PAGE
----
The fact is that almost any behavior can be justified using the Bible.  In the Bible, there is rape; there is murder; there is mob mentality; dismemberment; racial discrimination; genetic engineering; magic; divination; genocide; the stealing of land and possession; slavery; concubines; polygamy; royal, live versions of “The Bachelor,” stonings; rebellions; terrorist attacks; deceit; human trafficking; executions; child sacrifice; and even the sanctified killing of babies…

Now you may say, “Yes, but we know those things were wrong; they are only in there to teach us that they are wrong.”  And you may be correct.  But how do we know which is which?

 

In the Bible men are not to have long hair.  Pork is not to be eaten.  Women must have long hair and wear a head covering.  Women must separate themselves from community and isolate during their seven days of menstruation.  Animal sacrifices are to be brought.  Circumcision is a thing.  Animals are not to be cooked in their own milk…

The lists of do’s and don’ts are extraordinarily long.

And why?
Most of us would say we are now exempt from this long list of rules.
Why?
Because in Christ the old is gone and the new has come.
But this also does not mean we simply drop all the stories.  They still have value.
But it places a particular burden on the reader. 

And this burden is that of prayer, study, and discernment.

For without prayer, without the leading of the Spirit of God, our own minds and hearts can rationalize and excuse any plethora of behavior.

The Bible was used in support of slavery.  It was used in support of keeping women silent.  I has been used to justify slaughtering entire nations, burning “witches” at the stake, and it is probably still used my some today to justify polygamy.  After all, even this story of our beloved patriarch Jacob, we hear of how he takes two wives – both Leah and Rachel.  And though he did not ask for this, he nonetheless walked this path.  And this is a path so many of our Fathers in the faith walked.  Abraham had one wife, but he slept with his wife’s slave.  David had many lovers, including one he stole from one of his most loyal and honorable servants.  Solomon had many lovers.  …And these are only the examples we know about.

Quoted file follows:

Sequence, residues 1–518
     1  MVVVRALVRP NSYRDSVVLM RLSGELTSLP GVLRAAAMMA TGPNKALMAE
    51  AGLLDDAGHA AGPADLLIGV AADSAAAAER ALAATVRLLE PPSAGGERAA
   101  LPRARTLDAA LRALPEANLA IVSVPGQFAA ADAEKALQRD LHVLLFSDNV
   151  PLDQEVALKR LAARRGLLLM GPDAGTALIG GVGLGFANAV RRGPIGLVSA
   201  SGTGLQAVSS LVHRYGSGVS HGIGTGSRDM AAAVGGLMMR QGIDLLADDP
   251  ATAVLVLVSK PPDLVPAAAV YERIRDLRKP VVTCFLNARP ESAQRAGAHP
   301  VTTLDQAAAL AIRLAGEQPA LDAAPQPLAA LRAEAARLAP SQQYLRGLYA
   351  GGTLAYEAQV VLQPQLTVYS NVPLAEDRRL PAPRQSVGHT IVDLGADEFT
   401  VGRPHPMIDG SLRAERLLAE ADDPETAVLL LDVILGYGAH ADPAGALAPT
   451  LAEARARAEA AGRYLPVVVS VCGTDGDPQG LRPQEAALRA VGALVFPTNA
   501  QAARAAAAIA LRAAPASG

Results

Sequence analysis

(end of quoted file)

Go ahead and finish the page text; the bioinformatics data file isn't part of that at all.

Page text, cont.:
The responsibility of reading the Bible prayerfully – opening oneself up to God in a listening, in a conversation – is most imperative.

 

And then we must read it intelligently.  It is our responsibility to learn the cultures in which these passages were written.  Context absolutely matters when interpreting scripture.  We need to be able to take a step back from any one particular passage and begin to see the meta-narrative – the overarching themes, direction, point of it all.  We need to read enough of scripture that we can allow them to inform one another, to converse, to challenge, to be in tension.  Just like we are strengthened by those with whom we disagree, scripture is best heard in tension with other contrasting scriptures.  This is part of how we tease out and understand the deeper meaning.  For example, Paul says, “Women keep silent.”  But then he praises Eunice, who was a church leader.  Paul says, “Slaves remain as you are.”  But then he says, “there is no longer Jew nor Greek, man or woman, slave or free.”